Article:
# Question #4b856

Apr 25, 2017

I think we have to model these as charged conducting spheres so the charges are at the surface as shown .

Gauss' Law tells us that:

$\int {\int}_{S} m a t h b f E \cdot d m a t h b f S = \frac{\sum {Q}_{e n c}}{\epsilon} _ o$

And by using a concentric Gaussian sphere, we can say of a general sphere of radius $r$ that:

$m a t h b f E = \frac{\sum {Q}_{e n c}}{4 \pi {\epsilon}_{o} {r}^{2}}$

For these conducting spheres, we have 2 different situations:

• inside the sphere, $\sum {Q}_{e n c} = 0$ so $m a t h b f E = m a t h b f 0$

• oustide the sphere, $\sum {Q}_{e n c} = Q$ so $m a t h b f E = \frac{Q}{4 \pi {\epsilon}_{o} {r}^{2}} m a t h b f {e}_{r}$

We connect electric field $m a t h b f E$ to potential via $m a t h b f E = - \nabla V$, which simplifies due to symmetry to $m a t h b f E = - \frac{\partial V}{\partial r} m a t h b f {e}_{r}$.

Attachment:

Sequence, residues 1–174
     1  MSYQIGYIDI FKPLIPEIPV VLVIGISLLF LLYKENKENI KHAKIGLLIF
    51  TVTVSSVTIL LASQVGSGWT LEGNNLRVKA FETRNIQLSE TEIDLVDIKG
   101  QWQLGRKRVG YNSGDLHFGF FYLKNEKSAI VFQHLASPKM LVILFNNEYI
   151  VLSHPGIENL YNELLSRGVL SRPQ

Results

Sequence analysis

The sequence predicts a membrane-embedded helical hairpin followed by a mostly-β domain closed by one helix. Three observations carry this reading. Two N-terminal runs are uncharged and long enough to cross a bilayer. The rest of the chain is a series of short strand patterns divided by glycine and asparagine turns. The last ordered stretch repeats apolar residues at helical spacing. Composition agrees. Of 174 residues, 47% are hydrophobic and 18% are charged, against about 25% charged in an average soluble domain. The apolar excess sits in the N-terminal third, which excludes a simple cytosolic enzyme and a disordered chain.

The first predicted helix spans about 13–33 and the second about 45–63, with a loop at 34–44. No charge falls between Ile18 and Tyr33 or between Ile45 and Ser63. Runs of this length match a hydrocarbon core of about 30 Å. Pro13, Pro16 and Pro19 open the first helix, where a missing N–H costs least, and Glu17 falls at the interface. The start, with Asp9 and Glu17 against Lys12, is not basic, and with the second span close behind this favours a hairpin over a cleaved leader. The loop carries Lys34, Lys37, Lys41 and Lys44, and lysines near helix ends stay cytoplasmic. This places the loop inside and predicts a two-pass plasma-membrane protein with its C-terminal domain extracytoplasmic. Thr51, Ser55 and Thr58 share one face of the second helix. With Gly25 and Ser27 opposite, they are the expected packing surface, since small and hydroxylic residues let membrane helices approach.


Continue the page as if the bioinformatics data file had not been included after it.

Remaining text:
So we get these results:

• inside the sphere, $m a t h b f E = m a t h b f 0 \implies V = \text{ const}$

• outside the sphere, $\sum {Q}_{e n c} = Q$ so $m a t h b f E = \frac{Q}{4 \pi {\epsilon}_{o} {r}^{2}} m a t h b f {e}_{r} \implies V = \frac{Q}{4 \pi {\epsilon}_{o} r}$

Because we know $V$ to be constant within the sphere, we can say that, at the surface and inside each of the initial waterdrops we have potential as follows:

${V}_{1} = = \frac{{Q}_{1}}{4 \pi {\epsilon}_{o} {R}_{1}}$

Conservation of charge tells us that ${Q}_{2} = 2 {Q}_{1}$. Conservation of matter (volume) tells us that: ${R}_{2} = \sqrt[3]{2} {R}_{1} \approx 1.26 {R}_{1}$.

So we can say that:

${V}_{2} = \frac{{Q}_{2}}{4 \pi {\epsilon}_{o} {R}_{2}}$

$= \frac{2 {Q}_{1}}{\sqrt[3]{2} \setminus 4 \pi {\epsilon}_{o} {R}_{1}}$

$= \sqrt[3]{4} {V}_{1}$

$= \sqrt[3]{4} \cdot 250 \text{ V" approx 397 " V}$